The recent passing of Reagan astrologer Joan Quigley is a reminder that Ronald and Nancy Reagan were secretly super weird New Agers. Here’s three occult secrets that have come out from Reagan’s time in office.
Reagan astrologer Joan Quigley passed away last week in San Francisco, California at the age of 87.
Nancy Reagan regularly sought Miss Quigley for consultation on matters extending well beyond the president’s schedule into diplomacy and Cold War politics, and Salon ran a piece by Mitch Horowitz back in January that detailed Ronald Reagan’s personal interest in the writings of famed occult teacher Manly P. Hall.
In his book One Simple Idea: How Positive Thinking Reshaped Modern Life, Horowitz details how Hall’s teachings informed Reagan’s vision of America. Hall wrote about America’s “secret destiny,” claiming that it had been “planned and founded by secret esoteric orders to spread enlightenment and liberty to the world.” In 1928, Hall published The Secret Teachings of All Ages, a thorough codex of esoteric philosophies of antiquity that remains an unparalleled resource for ancient symbols and mystical thought.
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After publishing his “Great Book,” Hall spent the rest of his life lecturing and writing within the walls of his Egypto-art deco campus, the Philosophical Research Society, in L.A.’s Griffith Park neighborhood. Hall called the place a “mystery school” in the mold of Pythagoras’s ancient academy.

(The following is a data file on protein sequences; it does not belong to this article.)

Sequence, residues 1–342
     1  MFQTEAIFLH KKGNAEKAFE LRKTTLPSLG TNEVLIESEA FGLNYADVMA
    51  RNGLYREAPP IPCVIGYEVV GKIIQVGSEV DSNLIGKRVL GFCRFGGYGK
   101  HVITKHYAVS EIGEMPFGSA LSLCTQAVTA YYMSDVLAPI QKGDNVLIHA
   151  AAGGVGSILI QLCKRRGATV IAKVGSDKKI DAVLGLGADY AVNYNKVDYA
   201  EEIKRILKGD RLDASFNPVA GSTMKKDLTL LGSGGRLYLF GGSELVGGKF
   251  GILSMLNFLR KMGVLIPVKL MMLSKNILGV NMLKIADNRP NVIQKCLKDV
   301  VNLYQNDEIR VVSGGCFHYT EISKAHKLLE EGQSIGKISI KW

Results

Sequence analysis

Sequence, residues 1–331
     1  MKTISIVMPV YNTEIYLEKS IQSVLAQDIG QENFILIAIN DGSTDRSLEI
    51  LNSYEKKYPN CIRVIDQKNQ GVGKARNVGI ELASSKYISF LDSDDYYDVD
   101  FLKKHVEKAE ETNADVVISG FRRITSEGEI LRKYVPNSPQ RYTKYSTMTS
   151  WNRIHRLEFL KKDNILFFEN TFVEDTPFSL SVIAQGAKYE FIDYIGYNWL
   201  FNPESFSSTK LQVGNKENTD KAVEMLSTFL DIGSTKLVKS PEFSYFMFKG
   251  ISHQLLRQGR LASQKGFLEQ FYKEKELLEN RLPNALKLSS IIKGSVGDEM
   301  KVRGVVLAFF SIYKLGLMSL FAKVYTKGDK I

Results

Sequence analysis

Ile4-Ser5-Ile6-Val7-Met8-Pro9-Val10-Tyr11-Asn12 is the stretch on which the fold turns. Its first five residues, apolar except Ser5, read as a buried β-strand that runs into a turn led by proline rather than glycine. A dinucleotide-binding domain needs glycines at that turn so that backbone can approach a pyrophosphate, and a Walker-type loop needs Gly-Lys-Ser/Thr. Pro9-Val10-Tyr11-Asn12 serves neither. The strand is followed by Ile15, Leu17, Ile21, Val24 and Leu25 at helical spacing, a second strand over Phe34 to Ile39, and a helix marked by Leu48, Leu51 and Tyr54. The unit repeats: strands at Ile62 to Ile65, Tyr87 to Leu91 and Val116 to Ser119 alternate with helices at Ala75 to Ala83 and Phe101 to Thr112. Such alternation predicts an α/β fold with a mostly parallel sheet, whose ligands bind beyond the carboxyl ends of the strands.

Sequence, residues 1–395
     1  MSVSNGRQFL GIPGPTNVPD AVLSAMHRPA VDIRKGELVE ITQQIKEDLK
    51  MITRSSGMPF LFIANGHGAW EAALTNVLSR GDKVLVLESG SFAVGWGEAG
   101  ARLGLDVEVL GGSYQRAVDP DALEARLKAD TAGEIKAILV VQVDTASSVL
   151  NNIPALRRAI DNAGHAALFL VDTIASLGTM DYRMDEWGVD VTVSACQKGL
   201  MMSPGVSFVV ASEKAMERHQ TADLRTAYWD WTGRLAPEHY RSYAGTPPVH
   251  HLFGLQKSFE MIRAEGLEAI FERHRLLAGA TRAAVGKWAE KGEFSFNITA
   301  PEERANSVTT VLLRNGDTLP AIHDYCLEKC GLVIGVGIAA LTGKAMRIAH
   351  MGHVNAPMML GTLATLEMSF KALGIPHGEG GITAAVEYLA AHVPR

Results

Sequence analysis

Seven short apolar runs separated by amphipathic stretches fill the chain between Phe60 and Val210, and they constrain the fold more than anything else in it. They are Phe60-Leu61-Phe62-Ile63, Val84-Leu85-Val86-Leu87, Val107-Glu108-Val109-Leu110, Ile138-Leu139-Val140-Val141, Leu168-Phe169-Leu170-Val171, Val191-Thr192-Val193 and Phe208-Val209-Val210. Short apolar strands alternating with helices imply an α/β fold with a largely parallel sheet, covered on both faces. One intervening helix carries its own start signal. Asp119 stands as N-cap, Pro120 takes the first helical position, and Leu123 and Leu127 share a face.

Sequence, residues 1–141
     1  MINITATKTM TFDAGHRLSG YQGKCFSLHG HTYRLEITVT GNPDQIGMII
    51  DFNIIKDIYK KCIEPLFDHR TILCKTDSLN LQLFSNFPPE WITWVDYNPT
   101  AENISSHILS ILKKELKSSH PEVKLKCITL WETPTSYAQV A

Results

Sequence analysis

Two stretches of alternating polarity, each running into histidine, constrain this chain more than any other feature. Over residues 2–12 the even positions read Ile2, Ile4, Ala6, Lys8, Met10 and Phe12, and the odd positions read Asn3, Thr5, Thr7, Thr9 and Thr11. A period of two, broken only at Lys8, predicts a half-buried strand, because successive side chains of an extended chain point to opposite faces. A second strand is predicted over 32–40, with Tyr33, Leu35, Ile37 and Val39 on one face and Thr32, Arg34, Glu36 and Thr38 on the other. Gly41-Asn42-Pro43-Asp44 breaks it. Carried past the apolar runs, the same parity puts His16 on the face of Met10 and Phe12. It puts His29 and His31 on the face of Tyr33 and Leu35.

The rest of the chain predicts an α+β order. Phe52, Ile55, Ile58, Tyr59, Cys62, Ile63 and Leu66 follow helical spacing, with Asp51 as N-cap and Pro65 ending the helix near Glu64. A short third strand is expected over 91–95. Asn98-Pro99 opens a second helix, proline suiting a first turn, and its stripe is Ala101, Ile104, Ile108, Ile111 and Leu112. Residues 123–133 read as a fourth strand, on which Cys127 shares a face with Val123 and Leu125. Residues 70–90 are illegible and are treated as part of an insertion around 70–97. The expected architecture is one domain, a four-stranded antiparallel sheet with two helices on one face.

It was there in 1944 that the occult thinker produced a short work, one little known beyond his immediate circle. This book, “The Secret Destiny of America,” evidently caught the eye of Reagan, then a middling movie actor gravitating toward politics.
“Reagan cannot easily be classified—he had broad general interests in American metaphysics, which seem to have mirrored those of his neighbors and social circle in California,” Horowitz told Ultraculture. “His echoing of the work of Manly P. Hall indicates that his interest went beyond newspaper astrology but I wouldn’t depict the occult as the ‘power behind the throne’; rather, it reflected the values and mores that surrounded the Reagans in Hollywood.”
The influence that Hall’s teachings left on Reagan have largely shaped the American presidency and popular imagination of the nation for the last 30 years. If you add Nancy Reagan employing the services of a professional astrologer—and the Reagans’ encounter with a UFO in the 1950s—then Reagan’s America starts looking a little stranger than initially thought.
Below is a list of Reagan’s occult fascinations, and the lasting influence they’ve had on American politics.
1. Reagan’s Utopian Vision
Reagan’s articulation of a grand vision for America as a nation divinely ordained to lead the world into a better tomorrow continues to resonate today. He announced his candidacy in 1979 by declaring: “To me our country is a living, breathing presence, unimpressed by what others say is impossible… If there is one thing we are sure of it is… that nothing is impossible, and that man is capable of improving his circumstances beyond what we are told is fact.”